KTVU, virtual channel 2 (UHF digital channel 44), is a Fox owned-and-operated television station licensed to Oakland, California, United States and serving the San Francisco Bay Area. The station is owned by the Fox Television Stations subsidiary of Fox Corporation, as part of a duopoly with San Jose-licensed independent station KICU-TV (channel 36). The two stations share studios at Jack London Square in downtown Oakland; KTVU's transmitter is located at Sutro Tower in San Francisco.
History[edit | edit source]
As an independent station[edit | edit source]
The station first signed on the air on March 3, 1958, originally operating as an independent station. The station was originally owned by San Francisco-Oakland Television, Inc., a local firm whose principals were William D. Pabst and Ward D. Ingrim, former executives at the Don Lee Network and KFRC radio; and Edwin W. Pauley, a Bay Area businessman who had led a separate group which competed against Pabst and Ingrim for the station's construction permit. KTVU's operations were inaugurated with a special live telecast from its temporary studio facility at the former Paris Theatre in downtown Oakland. That June, the station moved into a permanent facility at Jack London Square in western Oakland, which was constructed using material gathered by the Port of Oakland and repurposed from a demolished pier.
Channel 2 was the fourth commercial television station to sign on in the Bay Area, and the first independent station in the market. It was the second television outlet in Northern California to have been assigned the KTVU call letters, which were previously used by a short-lived station on UHF channel 36 in Stockton, which operated from September 1955 to April 30, 1956. During its first 15 years on the air, KTVU's transmitter facilities were originally based from a tower on San Bruno Mountain in northern San Mateo County. KTVU moved its transmitter facilities to the Sutro Tower, after the structure was completed in 1973.
The Ingrim–Pabst–Pauley group attempted to sell KTVU to NBC in 1960, as the network sought to acquire a television station in the Bay Area to operate alongside KNBC radio (now KNBR). The sale was eventually cancelled in October 1961, due to pre-existing concerns over the sale cited by the Federal Communications Commission (FCC) that were related to NBC's ownership of radio and television stations in Philadelphia. Eighteen months after the sale to NBC was aborted, in July 1963 channel 2 was sold to the Miami Valley Broadcasting Company, a subsidiary of Atlanta-based Cox Enterprises, for $12.3 million; the sale was finalized in mid-October of that year. Over the station's history as an independent, KTVU's programming schedule consisted mainly of syndicated off-network series, movies, talk shows and religious programs, as well as a sizeable amount of locally produced news, sports, talk and public affairs programming. In 1960, after acquiring camera, projection and slide equipment to transmit programming available in the format, the station began broadcasting its programming in color; much of the programs that it broadcast in color consisted of movies and certain series acquired from the syndication market that were produced in the format, as well as locally produced specials.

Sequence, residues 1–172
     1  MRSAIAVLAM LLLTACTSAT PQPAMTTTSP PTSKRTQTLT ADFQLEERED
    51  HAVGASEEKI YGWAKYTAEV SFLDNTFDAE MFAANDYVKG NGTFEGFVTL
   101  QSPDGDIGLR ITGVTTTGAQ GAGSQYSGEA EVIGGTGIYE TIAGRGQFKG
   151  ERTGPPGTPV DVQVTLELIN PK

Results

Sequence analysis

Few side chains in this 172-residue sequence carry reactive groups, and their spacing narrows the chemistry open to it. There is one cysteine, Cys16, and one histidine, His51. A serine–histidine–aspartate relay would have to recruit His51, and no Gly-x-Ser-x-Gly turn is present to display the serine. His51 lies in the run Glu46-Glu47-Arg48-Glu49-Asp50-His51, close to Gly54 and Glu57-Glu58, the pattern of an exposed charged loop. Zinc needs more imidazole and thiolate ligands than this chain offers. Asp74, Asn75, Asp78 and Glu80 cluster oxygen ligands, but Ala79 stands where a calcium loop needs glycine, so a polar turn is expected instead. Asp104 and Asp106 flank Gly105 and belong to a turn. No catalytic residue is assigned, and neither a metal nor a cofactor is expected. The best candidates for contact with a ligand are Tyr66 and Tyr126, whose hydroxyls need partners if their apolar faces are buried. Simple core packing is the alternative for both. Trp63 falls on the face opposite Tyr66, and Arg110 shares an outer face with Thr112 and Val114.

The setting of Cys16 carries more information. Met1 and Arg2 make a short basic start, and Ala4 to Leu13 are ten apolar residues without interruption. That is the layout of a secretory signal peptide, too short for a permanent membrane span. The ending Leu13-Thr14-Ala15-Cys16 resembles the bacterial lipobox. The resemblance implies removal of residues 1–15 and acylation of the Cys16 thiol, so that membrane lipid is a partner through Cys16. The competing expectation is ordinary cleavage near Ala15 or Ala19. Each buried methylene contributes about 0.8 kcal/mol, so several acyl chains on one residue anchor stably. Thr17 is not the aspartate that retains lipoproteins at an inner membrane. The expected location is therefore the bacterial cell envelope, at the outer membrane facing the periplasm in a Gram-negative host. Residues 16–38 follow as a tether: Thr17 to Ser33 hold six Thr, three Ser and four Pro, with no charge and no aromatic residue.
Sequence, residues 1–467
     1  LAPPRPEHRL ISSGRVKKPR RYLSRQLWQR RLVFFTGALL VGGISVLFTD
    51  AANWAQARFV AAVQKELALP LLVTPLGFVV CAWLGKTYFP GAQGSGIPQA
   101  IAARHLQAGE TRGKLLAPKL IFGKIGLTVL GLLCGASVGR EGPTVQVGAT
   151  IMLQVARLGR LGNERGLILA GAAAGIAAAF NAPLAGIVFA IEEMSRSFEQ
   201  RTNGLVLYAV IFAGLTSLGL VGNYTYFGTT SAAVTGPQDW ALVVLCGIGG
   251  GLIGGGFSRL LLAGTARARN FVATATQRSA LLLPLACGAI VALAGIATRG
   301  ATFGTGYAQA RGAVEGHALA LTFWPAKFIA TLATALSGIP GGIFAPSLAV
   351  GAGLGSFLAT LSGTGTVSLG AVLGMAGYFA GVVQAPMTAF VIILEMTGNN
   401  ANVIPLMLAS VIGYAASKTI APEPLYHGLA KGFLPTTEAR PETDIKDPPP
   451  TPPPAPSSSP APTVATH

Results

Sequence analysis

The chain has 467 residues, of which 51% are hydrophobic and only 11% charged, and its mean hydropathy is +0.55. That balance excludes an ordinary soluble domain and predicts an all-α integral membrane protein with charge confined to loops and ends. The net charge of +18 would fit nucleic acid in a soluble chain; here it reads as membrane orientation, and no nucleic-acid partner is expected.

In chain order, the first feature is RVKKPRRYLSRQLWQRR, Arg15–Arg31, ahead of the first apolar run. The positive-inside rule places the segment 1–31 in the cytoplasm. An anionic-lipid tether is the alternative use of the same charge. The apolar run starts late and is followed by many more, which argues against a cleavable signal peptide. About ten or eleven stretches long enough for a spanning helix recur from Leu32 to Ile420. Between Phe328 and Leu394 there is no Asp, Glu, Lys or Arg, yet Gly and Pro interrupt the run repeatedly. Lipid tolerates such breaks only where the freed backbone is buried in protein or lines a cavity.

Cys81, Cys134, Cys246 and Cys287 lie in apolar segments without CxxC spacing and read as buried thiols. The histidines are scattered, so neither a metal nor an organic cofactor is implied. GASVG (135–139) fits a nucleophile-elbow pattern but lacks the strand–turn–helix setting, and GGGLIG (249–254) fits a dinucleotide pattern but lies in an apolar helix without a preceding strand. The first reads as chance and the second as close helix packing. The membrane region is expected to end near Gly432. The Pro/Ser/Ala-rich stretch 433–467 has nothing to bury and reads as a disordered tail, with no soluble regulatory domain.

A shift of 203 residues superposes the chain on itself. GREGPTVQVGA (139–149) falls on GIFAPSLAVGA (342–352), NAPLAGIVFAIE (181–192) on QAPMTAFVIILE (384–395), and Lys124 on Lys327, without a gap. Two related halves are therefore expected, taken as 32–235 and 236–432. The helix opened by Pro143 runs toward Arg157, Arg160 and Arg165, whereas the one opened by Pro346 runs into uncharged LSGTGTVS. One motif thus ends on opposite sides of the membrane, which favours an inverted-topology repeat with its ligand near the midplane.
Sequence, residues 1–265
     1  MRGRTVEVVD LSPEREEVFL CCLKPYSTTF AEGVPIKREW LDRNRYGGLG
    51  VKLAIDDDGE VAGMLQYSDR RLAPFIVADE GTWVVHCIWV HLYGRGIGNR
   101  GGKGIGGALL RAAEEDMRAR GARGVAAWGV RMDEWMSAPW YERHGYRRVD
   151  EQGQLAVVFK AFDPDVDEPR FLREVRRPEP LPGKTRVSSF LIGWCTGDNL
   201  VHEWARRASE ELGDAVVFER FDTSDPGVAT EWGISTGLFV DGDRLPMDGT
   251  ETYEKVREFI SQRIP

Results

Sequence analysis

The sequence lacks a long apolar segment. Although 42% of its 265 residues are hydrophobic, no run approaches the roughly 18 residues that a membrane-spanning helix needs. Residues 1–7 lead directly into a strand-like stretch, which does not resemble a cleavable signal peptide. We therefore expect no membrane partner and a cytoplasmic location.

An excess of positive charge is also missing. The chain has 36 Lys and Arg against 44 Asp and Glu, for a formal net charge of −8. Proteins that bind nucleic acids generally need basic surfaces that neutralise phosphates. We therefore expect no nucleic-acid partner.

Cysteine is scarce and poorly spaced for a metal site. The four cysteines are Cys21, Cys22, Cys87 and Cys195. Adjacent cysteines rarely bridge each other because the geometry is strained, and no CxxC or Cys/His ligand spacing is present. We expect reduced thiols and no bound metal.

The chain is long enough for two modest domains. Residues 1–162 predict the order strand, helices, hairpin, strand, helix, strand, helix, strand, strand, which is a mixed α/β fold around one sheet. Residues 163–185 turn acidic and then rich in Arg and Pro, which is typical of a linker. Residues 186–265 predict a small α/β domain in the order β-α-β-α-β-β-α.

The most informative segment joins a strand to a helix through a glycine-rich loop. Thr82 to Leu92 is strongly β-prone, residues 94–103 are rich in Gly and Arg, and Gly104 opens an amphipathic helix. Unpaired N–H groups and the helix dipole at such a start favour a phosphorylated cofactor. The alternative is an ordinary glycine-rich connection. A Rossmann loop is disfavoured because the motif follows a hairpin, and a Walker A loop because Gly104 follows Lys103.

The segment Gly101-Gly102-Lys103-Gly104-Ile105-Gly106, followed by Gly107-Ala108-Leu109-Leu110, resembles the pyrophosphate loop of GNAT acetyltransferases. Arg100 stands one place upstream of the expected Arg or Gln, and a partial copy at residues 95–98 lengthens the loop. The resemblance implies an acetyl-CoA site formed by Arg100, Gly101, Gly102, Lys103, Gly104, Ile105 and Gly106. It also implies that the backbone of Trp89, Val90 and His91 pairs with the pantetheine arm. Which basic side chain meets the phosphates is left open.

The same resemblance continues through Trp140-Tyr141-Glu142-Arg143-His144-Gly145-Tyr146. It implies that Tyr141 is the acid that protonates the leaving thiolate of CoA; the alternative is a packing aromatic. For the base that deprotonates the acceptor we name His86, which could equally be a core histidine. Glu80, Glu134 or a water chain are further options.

Under Cox's stewardship, channel 2 became the leading independent station in the San Francisco–Oakland market and one of the top-rated independents in the Western United States. KTVU retained this status even as competing independents on the UHF band signed on during the late 1960s, most notably KBHK-TV (channel 44, now KBCW) and KEMO-TV (channel 20, now KOFY-TV) within months of each other in early 1968.
In the early 1960s, KTVU obtained the local broadcast rights to the Warner Bros. Pictures library; the films it broadcast from the studio primarily consisted of those released during the 1950s, most being presented in color, which aired at 7:00 p.m. on Sundays. Channel 2 was the first television station in the Bay Area to air such films as A Star Is Born, East of Eden and Rebel Without a Cause. KTVU exercised discretion and limited the amount of commercial break interruptions during the movie telecasts, often airing the films uncensored and with commentary, either by a studio host or via slides. The station even televised the Metro-Goldwyn-Mayer film Hollywood Revue of 1929 with some of the original two-strip Technicolor sequences. During the early 1970s, the station began employing a different programming strategy to stand out from the other independents in the market, acquiring first-run syndicated sitcoms and drama series, several comedies and dramas from the United Kingdom (such as Upstairs, Downstairs and The Benny Hill Show, the latter of which had some episodes re-edited by the station to remove scenes of frontal nudity accidentally left in the broadcast prints), and various nature series (including National Geographic specials) as alternative offerings.
As an independent competitor, KTVU aired a nightly film showcase, The 8 O'Clock Movie, as an alternative to network programs that aired during prime time on then-NBC affiliate KRON-TV (channel 4, now a MyNetworkTV affiliate), CBS station KPIX (channel 5) and ABC-owned KGO-TV (channel 7). Continuing into its early years as a Fox affiliate, KTVU frequently aired classic movies (around 20 per week) in the 8:00 p.m. time slot as well as on Sunday afternoons. Many of the films presented were prints restored by the station's editing department to eliminate color and splicing errors, and scratches present within the negatives. It also occasionally aired movies originally assigned an R rating for their theatrical release (such as One Flew Over the Cuckoo's Nest and Walkabout) without editing for strong profanity, nudity or violence, some of which aired during prime time. In 1992, KTVU ran a station-edited version of the 1984 science fiction film Dune, which combined footage from the Alan Smithee television cut with the original theatrical release (thereby restoring all the violence featured in the latter cut, while eliminating some of the objectionable edits that caused director David Lynch to remove his name from the credits of the television print).